Red meat lovers will love Argentina – steak is one of the national dishes and Argentinian beef is among the finest in the world. The diet in Argentina is very rich with a strong Mediterranean influence. Barbecuing and grilling are the most common cooking methods and blood sausage and chorizo dishes are popular, alongside steak and sweetbread. Lunch is the main meal of the day and a big occasion. All but the largest towns will close during lunch and workers return home to eat with their families. The evening meal is usually served late in the evening and eating is drawn out over several hours. Socialising and sharing meals is a big part of Argentinian culture.

Holidays, festivals and celebrations

Many Argentina national holidays and festivals centre around military and political achievements. On 24th March, Día National de la Memoria remembers the outbreak of war and on 2nd April tributes are made to the victims of the Falklands War. The 2nd June is Flag Day in Argentina and a celebration of national culture and 12th October is all about celebrating Christopher Columbus and his discovery of the Americas. Festival time gives visitors a great experience of the Argentinian culture, with music and colour filling the streets. Argentina is a mainly Catholic country and the country also follows the Church's holidays. Easter and Christmas are widely celebrated along with other key events in the Christian calendar.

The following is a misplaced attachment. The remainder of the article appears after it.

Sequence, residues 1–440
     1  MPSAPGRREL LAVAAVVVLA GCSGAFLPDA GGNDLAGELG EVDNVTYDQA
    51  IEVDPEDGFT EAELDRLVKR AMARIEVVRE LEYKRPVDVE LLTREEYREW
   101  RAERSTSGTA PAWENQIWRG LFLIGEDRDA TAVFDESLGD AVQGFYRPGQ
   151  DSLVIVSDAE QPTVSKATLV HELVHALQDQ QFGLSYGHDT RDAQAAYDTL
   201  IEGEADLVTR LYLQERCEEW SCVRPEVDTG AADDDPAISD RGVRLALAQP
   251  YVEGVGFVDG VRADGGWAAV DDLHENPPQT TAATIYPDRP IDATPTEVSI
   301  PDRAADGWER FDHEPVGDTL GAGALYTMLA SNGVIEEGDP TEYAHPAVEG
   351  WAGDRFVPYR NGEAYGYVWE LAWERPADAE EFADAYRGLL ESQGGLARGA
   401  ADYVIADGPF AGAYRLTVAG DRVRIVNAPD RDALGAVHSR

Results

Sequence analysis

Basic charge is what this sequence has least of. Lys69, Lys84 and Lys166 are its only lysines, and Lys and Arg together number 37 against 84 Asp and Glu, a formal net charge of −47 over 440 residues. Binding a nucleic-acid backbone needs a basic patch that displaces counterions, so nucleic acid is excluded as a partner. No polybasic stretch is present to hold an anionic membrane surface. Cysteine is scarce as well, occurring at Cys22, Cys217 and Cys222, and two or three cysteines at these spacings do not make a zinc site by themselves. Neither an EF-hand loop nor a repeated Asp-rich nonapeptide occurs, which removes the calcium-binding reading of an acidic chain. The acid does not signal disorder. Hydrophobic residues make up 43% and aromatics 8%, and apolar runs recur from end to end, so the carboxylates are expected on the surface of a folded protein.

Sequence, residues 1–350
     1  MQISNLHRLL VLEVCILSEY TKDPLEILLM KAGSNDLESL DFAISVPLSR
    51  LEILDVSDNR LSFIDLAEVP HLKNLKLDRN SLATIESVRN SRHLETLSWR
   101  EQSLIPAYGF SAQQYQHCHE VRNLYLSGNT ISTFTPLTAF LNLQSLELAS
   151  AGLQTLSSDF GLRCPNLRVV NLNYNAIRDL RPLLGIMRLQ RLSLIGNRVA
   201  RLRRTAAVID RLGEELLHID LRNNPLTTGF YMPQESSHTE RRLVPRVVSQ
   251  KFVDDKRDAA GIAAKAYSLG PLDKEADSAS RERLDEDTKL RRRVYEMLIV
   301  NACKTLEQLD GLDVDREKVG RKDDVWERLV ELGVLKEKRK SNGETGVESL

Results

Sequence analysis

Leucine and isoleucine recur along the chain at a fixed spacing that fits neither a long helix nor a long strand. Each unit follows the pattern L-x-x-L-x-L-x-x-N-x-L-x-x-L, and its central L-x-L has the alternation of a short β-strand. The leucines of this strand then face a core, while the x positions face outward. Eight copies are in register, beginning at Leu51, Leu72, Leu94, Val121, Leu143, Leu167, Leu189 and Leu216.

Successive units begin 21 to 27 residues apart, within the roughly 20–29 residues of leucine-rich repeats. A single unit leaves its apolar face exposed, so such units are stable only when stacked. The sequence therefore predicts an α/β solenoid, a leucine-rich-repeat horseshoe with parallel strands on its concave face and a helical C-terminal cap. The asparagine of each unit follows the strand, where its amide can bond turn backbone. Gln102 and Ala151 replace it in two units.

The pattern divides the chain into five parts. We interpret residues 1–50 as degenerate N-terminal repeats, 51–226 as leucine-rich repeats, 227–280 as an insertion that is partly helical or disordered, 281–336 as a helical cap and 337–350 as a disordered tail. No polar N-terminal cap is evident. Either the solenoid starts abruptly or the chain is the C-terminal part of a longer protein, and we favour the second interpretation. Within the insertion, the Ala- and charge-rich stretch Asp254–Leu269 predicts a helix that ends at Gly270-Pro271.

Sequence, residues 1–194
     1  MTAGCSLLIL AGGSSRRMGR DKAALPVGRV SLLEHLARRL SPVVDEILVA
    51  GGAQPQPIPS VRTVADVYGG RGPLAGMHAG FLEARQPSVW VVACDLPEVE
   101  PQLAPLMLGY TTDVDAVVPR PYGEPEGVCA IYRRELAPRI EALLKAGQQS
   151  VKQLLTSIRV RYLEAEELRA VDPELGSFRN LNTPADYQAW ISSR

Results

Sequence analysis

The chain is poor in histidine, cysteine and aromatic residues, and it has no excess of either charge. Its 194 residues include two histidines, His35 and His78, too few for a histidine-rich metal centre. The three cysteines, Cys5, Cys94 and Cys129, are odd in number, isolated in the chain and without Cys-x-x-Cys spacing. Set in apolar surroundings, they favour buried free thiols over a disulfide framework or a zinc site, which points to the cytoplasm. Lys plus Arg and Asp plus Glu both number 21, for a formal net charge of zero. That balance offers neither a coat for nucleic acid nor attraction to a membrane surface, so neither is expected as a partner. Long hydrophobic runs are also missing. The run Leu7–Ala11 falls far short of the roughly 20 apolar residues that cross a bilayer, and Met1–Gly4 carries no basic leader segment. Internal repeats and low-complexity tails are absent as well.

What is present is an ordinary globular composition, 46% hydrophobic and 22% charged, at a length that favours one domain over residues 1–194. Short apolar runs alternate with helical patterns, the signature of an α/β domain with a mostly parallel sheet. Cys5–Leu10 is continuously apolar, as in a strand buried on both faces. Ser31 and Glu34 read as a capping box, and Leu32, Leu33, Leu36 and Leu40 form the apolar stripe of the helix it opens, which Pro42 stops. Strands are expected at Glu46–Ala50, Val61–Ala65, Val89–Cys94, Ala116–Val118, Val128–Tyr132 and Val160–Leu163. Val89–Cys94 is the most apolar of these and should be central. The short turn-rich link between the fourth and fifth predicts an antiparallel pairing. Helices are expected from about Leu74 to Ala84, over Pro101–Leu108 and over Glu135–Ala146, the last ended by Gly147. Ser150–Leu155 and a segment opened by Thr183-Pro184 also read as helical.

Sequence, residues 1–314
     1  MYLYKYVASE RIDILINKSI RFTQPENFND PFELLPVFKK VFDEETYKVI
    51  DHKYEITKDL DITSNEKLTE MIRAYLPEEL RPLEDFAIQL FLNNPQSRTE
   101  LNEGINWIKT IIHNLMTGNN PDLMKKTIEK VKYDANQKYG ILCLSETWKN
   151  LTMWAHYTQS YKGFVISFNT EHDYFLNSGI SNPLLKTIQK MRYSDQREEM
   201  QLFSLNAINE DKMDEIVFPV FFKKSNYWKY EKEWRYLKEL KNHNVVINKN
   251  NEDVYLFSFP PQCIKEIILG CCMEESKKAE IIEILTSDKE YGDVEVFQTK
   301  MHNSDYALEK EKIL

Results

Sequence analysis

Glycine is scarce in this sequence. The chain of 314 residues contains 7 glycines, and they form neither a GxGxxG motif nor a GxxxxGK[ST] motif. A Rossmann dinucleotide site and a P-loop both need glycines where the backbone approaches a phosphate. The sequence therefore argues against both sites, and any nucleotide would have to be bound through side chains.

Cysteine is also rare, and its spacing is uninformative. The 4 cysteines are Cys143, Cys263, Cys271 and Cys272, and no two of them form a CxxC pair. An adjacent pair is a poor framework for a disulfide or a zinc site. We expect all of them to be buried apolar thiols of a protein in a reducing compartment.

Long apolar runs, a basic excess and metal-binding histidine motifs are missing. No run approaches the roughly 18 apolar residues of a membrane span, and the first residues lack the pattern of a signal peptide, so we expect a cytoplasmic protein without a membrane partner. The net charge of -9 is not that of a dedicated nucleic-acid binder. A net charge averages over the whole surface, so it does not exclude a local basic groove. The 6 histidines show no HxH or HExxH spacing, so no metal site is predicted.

If you love to shop, San Telmo and Recoleta in Buenos Aires are renowned for their outdoor markets, with fresh ingredients and locally made goods available. Be ready to haggle for the best prices and have cash with you to make your purchases. This area also has plenty of vintage boutiques and second hand stores making it the perfect place to find a unique bargain. Elsewhere, Bariloche in Patagonia is known for its chocolate, Mendoza for its wine and indigenous arts and crafts can be found throughout the country.

Suggested reading

The Footprint Guide, Rough Guide and Lonely Planet all provide an excellent introduction to the country and comprehensive Argentina travel advice.  If you wish to learn more about the culture and history of Argentina try ‘The Myths of Argentine History’, by Felipe Pigna, ‘The Motorcycle Diaries: Notes on a Latin American Journey’, by Ernesto Che Guevara, ‘The Argentina Reader: History, Culture, Politics’, by Gabriela Nouzeilles, ‘In Patagonia’, by Bruce Chatwin and ‘The Old Patagonian Express’, by Paul Theroux.


Your doctor is the best person to advise you on staying healthy whilst abroad but current recommended vaccinations are Hepatitis A, Typhoid, Tetanus and Diphtheria. Yellow Fever is compulsory, but only if you have visited an affected Yellow Fever area within 5 days prior to your arrival. In some instances anti-malarial tablets may also be needed. For current information on health advice you may wish to visit the Medical Advisory Services for Travellers Abroad (MASTA) Web Site on  The NHS ‘Fit for Travel’ website ( is also a useful resource.

Travel advice

For current information on Argentina the best resource is the Foreign and Commonwealth Office ( which is a comprehensive resource and updated regularly. We would also recommend visiting the Safer Tourism Foundation website ( before you travel and will be happy to address any questions or concerns you may have.